Political Speech

Trump Cites First Amendment to Contest Charges in Georgia Election Interference Case

In this June 26, 2021, file photo, former President Donald Trump looks on during his first post-presidency campaign rally in Wellington, Ohio. (Reuters/Shannon Stapleton)
In this June 26, 2021, file photo, former President Donald Trump looks on during his first post-presidency campaign rally in Wellington, Ohio. (Reuters/Shannon Stapleton)

By The Associated Press

ATLANTA (AP) — The charges against Donald Trump in the Georgia election interference case seek to criminalize political speech and advocacy conduct that the First Amendment protects, a lawyer for the former president said Thursday as he argued that the indictment should be dismissed.

The hearing before Fulton County Superior Court Judge Scott McAfee was on a filing from Trump and on two pretrial motions by co-defendant David Shafer and centered on technical legal arguments. It marked something of a return to normalcy after the case was rocked by allegations that District Attorney Fani Willis improperly benefited from her romantic relationship with Nathan Wade, a special prosecutor hired for the case.

“There is nothing alleged factually against President Trump that is not political speech,” Trump’s lead lawyer, Steve Sadow, told the judge. Sadow said a sitting president expressing concerns about an election is “the height of political speech” and that is protected even if what was said ended up being false.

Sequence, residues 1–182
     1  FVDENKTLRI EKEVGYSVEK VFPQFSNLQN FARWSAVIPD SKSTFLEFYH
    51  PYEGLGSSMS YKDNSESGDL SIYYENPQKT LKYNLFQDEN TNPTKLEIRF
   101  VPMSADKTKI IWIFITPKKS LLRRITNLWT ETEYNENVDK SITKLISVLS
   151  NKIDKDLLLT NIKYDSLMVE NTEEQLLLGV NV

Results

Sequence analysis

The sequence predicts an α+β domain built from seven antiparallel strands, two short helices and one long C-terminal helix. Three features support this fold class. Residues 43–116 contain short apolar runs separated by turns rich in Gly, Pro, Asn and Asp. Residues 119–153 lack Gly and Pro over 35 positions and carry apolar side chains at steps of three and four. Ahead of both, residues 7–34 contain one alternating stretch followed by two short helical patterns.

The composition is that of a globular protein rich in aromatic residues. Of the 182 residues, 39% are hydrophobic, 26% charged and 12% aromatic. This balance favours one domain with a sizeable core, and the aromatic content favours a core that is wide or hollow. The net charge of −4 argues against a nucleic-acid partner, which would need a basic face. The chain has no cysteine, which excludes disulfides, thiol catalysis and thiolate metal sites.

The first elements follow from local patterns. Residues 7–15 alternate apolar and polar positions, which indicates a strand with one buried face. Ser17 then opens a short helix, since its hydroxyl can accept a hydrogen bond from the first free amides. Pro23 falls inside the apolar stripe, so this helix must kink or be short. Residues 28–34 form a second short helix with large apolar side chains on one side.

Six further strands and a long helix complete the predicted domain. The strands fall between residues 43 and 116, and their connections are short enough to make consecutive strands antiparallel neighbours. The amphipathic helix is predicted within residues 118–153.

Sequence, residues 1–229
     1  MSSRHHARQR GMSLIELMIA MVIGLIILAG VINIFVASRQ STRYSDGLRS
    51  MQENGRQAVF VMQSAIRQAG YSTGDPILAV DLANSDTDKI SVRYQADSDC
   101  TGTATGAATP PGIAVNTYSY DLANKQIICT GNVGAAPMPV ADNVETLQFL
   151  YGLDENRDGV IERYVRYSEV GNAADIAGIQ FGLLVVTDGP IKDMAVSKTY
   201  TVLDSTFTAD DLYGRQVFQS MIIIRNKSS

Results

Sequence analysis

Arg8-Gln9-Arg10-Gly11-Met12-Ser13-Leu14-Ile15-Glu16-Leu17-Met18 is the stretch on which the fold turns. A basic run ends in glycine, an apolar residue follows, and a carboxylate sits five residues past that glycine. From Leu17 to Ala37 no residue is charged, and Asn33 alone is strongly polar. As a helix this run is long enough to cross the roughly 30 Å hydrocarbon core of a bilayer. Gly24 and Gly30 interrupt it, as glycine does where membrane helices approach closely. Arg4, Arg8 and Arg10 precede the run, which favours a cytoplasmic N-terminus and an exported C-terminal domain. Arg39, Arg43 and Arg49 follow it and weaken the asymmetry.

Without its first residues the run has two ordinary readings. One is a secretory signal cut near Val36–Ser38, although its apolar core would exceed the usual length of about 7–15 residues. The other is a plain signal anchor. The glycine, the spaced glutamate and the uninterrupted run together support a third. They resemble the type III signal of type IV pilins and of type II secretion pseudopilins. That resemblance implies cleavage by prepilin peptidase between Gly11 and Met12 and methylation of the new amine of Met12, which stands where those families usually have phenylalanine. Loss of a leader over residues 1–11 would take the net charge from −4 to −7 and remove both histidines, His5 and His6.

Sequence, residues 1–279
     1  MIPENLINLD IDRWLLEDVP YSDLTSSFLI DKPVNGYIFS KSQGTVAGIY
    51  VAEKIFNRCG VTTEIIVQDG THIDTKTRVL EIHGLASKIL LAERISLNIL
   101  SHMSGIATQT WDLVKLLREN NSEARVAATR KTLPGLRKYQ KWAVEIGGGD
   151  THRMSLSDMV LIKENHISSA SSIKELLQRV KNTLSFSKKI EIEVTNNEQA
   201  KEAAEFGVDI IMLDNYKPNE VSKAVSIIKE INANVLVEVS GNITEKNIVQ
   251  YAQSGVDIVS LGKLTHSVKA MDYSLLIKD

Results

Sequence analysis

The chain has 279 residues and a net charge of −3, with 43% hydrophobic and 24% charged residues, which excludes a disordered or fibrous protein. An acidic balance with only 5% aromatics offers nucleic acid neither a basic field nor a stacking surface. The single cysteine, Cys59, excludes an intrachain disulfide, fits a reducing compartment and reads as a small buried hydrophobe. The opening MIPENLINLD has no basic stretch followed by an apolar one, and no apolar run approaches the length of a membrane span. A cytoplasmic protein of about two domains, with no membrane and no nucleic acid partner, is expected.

Prosecutor Donald Wakeford countered that Trump’s statements are not protected by the First Amendment because they were integral to criminal activity.

“It’s not just that they were false. It’s not that the defendant has been hauled into a courtroom because the prosecution doesn’t like what he said,” Wakeford said, adding that Trump is free to express his opinion and make legitimate protests. “What he is not allowed to do is to employ his speech and his expression and his statements as part of a criminal conspiracy to violate Georgia’s RICO statute, to impersonate public officers, to file false documents, to make false statements to the government.”

Wakeford pointed out that similar arguments were raised and rejected in the federal election interference case against Trump brought by Department of Justice special counsel Jack Smith. U.S. District Judge Tanya Chutkan wrote in a December ruling that “it is well established that the First Amendment does not protect speech that is used as an instrument of a crime.”

“Defendant is not being prosecuted simply for making false statements … but rather for knowingly making false statements in furtherance of a criminal conspiracy and obstructing the electoral process,” Chutkan wrote.

Willis used Georgia’s Racketeer Influenced and Corrupt Organizations law, an expansive anti-racketeering statute, to charge Trump and 18 others with allegedly participating in a wide-ranging conspiracy to overturn the state’s 2020 election results.